Percutaneous Neuromodulation Therapy (PNT)

Peer Reviewed

Posture at DeskBack pain, one of the leading reasons people seek medical care, affects most people at some point in their lives. The most common causes of back pain are sprains, strains, or spasms usually brought on by improper lifting techniques, poor posture, or an unhealthy ergonomic environment. Spinal conditions such as stenosis, osteoarthritis, osteoporosis, or disc problems can also lead to serious and often chronic back pain.

Typical treatments for chronic back pain include:

  • Medications such as NSAIDs, steroids, and anti-depressants
  • Injections such as epidural steroid injections, nerve blocks, and trigger point injections
  • Physical therapy
  • Biofeedback
  • Newer technologies such as IDET (Intradiscal Electrothermoplasty) and Radiofrequency Discal Nucleoplasty which use fine-gauge needles and either heat or radio waves to treat pain
  • In rare cases, surgery or the implanting of pumps and stimulators under the skin that administer medications or electrical pulses to treat pain

Today, another option recently approved by the Food and Drug Administration (FDA) is available for patients suffering from chronic low back or neck pain. It is a non-surgical treatment called Percutaneous Neuromodulation Therapy (PNT).

How PNT Works
It is now understood that even a single episode of back pain can cause the nerve cells that transmit pain signals to become "hypersensitive", even after the injury has healed. This can lead to repeated bouts of pain even without repeated injury. Electrical stimulation is one therapy that, when applied to the deep tissues in the back, can provide relief for certain types of chronic pain. PNT is that type of therapy.

PNT uses very thin needle electrodes that are inserted directly into the deep tissues in the area of the spine causing the pain. The specific placement of these electrodes and the delivery of electrical stimulation help "calm" the hypersensitivity of the nerves.

For patients suffering from chronic or recurring low back pain, especially those who have tried other conservative pain management treatments with little or no success, this may provide the relief they are looking for.

The Benefits of PNT
PNT is a non-invasive, low-risk procedure that can help treat pain in its early stages. This may be able to reduce the number of patients who progress to more debilitating, long-term pain that can persist for months or even years. PNT treatments and the pain relief they provide may also help patients increase their activity levels, improve their quality of sleep, and reduce their need for pain medications.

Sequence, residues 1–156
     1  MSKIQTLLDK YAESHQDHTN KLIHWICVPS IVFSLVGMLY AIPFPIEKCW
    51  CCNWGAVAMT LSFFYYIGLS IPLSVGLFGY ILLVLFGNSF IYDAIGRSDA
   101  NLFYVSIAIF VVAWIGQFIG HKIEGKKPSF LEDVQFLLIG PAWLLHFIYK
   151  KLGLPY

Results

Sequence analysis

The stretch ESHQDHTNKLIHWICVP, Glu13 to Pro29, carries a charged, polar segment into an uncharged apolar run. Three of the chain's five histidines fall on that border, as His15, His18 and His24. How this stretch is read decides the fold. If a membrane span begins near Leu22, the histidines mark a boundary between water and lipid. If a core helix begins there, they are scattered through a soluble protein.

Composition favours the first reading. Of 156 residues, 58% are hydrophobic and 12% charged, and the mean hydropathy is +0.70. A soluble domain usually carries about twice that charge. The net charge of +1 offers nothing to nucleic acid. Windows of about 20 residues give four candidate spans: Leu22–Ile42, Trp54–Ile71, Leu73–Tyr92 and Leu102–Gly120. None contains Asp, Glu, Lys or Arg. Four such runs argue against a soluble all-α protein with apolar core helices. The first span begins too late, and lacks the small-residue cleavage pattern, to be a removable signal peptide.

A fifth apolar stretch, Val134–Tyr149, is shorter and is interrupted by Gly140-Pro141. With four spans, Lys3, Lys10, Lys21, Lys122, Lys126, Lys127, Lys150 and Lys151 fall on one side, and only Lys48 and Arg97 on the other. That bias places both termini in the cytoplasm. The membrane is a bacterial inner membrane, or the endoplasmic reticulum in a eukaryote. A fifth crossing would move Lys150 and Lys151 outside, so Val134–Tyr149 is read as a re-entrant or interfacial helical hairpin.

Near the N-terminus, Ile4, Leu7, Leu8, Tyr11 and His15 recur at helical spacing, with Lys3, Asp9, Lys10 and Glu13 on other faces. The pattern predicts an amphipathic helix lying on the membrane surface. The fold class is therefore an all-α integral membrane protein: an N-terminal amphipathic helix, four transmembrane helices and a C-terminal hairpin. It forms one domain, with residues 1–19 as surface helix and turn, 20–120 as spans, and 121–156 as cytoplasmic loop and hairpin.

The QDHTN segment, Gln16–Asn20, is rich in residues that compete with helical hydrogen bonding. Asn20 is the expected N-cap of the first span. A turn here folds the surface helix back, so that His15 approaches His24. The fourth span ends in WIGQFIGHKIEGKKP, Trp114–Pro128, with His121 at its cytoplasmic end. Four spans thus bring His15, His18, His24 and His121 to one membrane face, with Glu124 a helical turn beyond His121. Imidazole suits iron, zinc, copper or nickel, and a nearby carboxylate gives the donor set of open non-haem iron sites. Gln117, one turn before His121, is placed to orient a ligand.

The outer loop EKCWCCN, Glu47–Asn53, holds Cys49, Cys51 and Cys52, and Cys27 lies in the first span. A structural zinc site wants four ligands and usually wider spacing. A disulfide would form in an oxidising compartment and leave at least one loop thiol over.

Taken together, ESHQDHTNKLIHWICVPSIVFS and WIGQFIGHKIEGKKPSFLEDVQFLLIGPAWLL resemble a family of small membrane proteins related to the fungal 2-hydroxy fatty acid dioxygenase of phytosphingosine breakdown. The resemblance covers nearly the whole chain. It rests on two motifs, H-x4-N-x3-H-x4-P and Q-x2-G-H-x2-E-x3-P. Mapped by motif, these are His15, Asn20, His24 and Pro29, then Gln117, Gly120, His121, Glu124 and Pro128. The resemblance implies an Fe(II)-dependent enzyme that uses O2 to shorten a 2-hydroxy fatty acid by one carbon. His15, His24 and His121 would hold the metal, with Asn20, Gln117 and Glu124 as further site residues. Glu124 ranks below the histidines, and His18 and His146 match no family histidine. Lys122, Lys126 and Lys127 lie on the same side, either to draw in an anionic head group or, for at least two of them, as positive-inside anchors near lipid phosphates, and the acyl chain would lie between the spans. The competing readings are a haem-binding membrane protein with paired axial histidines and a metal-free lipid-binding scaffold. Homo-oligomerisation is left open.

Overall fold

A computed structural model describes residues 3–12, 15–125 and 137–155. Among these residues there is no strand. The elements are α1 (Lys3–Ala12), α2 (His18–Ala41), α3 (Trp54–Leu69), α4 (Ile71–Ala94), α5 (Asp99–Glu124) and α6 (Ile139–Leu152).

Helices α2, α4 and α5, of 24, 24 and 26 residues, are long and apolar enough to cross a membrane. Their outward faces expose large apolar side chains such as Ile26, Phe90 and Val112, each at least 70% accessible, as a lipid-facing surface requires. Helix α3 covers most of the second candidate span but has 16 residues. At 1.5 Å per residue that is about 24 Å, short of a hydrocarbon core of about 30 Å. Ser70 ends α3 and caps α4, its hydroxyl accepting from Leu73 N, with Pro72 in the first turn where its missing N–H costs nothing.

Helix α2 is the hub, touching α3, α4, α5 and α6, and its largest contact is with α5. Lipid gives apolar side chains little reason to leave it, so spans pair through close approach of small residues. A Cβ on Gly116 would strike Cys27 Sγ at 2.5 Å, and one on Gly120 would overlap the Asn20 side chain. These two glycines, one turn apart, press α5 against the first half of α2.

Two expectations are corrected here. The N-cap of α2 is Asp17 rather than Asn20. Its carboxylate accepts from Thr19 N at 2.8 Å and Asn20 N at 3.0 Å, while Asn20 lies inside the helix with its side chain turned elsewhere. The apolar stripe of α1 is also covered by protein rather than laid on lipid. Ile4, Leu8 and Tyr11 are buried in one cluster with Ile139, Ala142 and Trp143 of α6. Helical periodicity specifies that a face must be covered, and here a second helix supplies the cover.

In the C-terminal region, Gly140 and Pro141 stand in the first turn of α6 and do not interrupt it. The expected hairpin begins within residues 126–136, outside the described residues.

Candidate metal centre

The Procedure
PNT is a non-surgical procedure that can be done in a physician's office.

The patient lies face down on an examination table. Using light adhesive strips, 10 electrodes are placed on the skin in the affected area of the back. These electrodes, called "Safeguides", include ultra-thin needles (three times thinner than a human hair) that are inserted into the skin. The physician then administers electrical stimulation to the nerves through the needle electrodes. Patients may feel a warm tingling sensation where the electrodes are placed, but the discomfort should be minimal. PNT treatment sessions only take about 30 minutes. Most patients report no side effects from the procedure and are immediately able to return to normal daily activities or work.

Depending on the complexity of the spinal condition, it may take several PNT sessions for patients to feel any measurable pain relief. In fact, most patients should be ready to commit to a course of at least 3-4 sessions to effectively evaluate the therapy. Treatments may be done 1-2 times per week and can be used alone or in conjunction with other pain management therapies.

Talk to Your Doctor About PNT
If you are suffering from chronic neck or back pain, and think PNT might be helpful, talk to your physician. Together you can decide if the procedure is right for you.

To learn about Dr. Richeimer’s practice, click here.

Updated on: 09/27/16
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Nerve Blocks: Medication Injections
Claudio A. Feler, MD
Readers of this article should keep in mind that the concept of back pain is somewhat oversimplified in this article. For example, there are many causes for this anatomic location of pain, including: direct nerve injury, nociceptor barrage, referred phenomenon; or as a result of denervation. None of these problems are treatable with a single therapy.

Additionally, readers should be aware that there is debate as to the effectiveness of IDET treatment.

Finally, it is noted that PNT has not been examined, to my knowledge, in a validated prospective study. Further scientific validation of the treatment is undoubtedly needed.

All of that said, patients are encouraged to discuss all pain management options carefully with their treating doctor, and even to seek a second opinion if necessary.

Continue Reading:

Nerve Blocks: Medication Injections

Blocks with local anesthetic can be used to control acute pain. Blocks often provide diagnostic information, helping to determine the source of the pain.
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